Intro: With the dust settling down on political hobnobbing, posturing and rhetoricing, it is time for the PDP-BJP coalition to do what it is meant to do—execute the thoughtfully chalked out Common Minimum Programme (CMP).
The coming together of what the political pandits termed as an ‘impossible’ alliance was a positive gesture that bespoke of a new age politics that places people’s mandate over party politics and electoral gains. While this is indeed commendable and worth emulation, delivering on tangible performance indicators mentioned in the CMP, will be the real acid test and a true measure of political maturity. In short, it is building on the foundations of “Insaniyat, Kashmiriyat and Jambooriyat, as espoused by the former PM Atal Behari Vajpayee, as the way forward for the State of J&K. While the Jambooriyat part has been met by setting aside stark differences for a more opportune time, it is time to take into cognizance the more serious and pressing issues of governance, growth, inclusion, probity and participation. Let us look at what the CMP has to say on these critical matters.
The CMP mentions in very clear and categorical terms, without mincing any words, that the very purpose of creating this alliance is to cater to the ‘Governance’ Agenda. It states, the alliance is a “ ‘Governance Alliance’ based on an agreement and agenda which is an effort towards seeking a national reconciliation on J&K”. Its primary aim is the ‘creation of an enabling environment for the all-round economic development of the State and its people.’ And how exactly does it seek to do that? Well the CMP has a solution in the form of a prescription – “proactive, transparent and accountable government” that will facilitate business and promote entrepreneurship by easing the archaic norms and nomenclatures that is a grim reminder of the Nehru-Abdullah legacy. The Government will be venturing into unchartered waters by exploring new vistas of growth and development like infrastructure creation, power, IT and revive old ones like tourism and craftsmanship. It is also expected to consolidate on existing strengths and geographical niche products like pashmina, saffron, herbal products and make them globally appealing. Going by the tone and tenor of the CMP, one can even expect innovation in products, processes and packaging in order to make it commercially viable and self-sustaining. For instance one can see a whole new range of tourism circuits being identified and promoted, funds earmarked to build new industries to capitalize on the geographical and regional strengths like Apple Village in Kashmir and Basmati Village in Jammu.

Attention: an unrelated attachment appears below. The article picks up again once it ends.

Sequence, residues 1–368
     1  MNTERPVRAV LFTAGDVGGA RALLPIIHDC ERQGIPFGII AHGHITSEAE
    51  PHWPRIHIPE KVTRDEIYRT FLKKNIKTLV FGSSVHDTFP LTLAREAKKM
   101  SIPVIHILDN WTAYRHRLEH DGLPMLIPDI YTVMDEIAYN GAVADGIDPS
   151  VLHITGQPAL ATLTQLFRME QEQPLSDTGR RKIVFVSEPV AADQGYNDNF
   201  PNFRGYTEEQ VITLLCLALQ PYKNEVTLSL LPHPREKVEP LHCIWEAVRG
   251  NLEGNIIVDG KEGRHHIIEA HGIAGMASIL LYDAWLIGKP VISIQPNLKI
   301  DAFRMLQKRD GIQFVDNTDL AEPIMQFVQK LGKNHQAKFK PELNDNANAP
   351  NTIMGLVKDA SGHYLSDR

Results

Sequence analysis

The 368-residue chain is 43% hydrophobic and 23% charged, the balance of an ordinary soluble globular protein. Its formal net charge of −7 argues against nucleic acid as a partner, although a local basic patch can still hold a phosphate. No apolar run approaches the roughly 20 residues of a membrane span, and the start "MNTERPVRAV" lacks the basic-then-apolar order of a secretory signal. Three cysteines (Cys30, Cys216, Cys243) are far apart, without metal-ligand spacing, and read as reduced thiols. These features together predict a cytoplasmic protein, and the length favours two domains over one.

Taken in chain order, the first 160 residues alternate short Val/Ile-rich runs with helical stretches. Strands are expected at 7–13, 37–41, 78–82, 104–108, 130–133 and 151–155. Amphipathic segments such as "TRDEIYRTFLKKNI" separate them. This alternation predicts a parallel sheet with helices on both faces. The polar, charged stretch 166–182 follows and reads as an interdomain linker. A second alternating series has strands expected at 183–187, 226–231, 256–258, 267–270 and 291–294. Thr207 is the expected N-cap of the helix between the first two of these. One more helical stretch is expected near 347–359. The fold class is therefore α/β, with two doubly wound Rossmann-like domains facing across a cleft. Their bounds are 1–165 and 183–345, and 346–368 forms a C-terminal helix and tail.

The greatest strength of the CMP, is however, its balanced and non-discriminatory approach, which is a stark and applaudable detour from all previous regimes. The CMP mentions in black and white the “balanced development across all 3 regions of the State” as one of its clearly stated motive. This sentiment is a common thread running across almost all the clauses and initiatives mentioned in the CMP be it setting IT, Biotech, Food and Textile Parks or Power Plants and state-of-the-art institutions like AIIMS & IIT. The equitable distribution of resources and opportunities, will be a historical step in freeing J&K from the myopic mindset of reducing J&K to Kashmir Valley and its needs. This is perhaps the first initiative in carving the much needed and deserving space for Jammu and Ladakh. The CMP not only seeks to bridge the regional disparity at the earliest but is also serious in bringing into the mainstream hitherto ignored communities, cultures and heritages. A micro analysis of the CMP will unequivocally show its seriousness to prepare ground for inclusionary politics, as the mainstay of J&K polity.
As if all the above goodies were not enough, it is worth mentioning here that if the CMP is sincerely followed in letter and spirit, then one can expect some moral reforms as well. An obvious pointer in this direction is the stated resolve to transform J&K from the ‘most corrupt state’ to the ‘most ethical state’ in the country by strengthening institutions of probity. Kudos
Thus to conclude, it can be safely said that if PDP-BJP ‘Agree to Disagree’ on contending issues, put emotive issues on the back burner and leave the historical baggage for history and historians to judge, analyse and articulate, then what can be effectively delivered in the next 6-years is a non-discriminatory, all-inclusive, pro-people era of peace and prosperity in J&K, courtesy CMP.
K Aayushi (The writer is the Director, Research, JKSC, Delhi)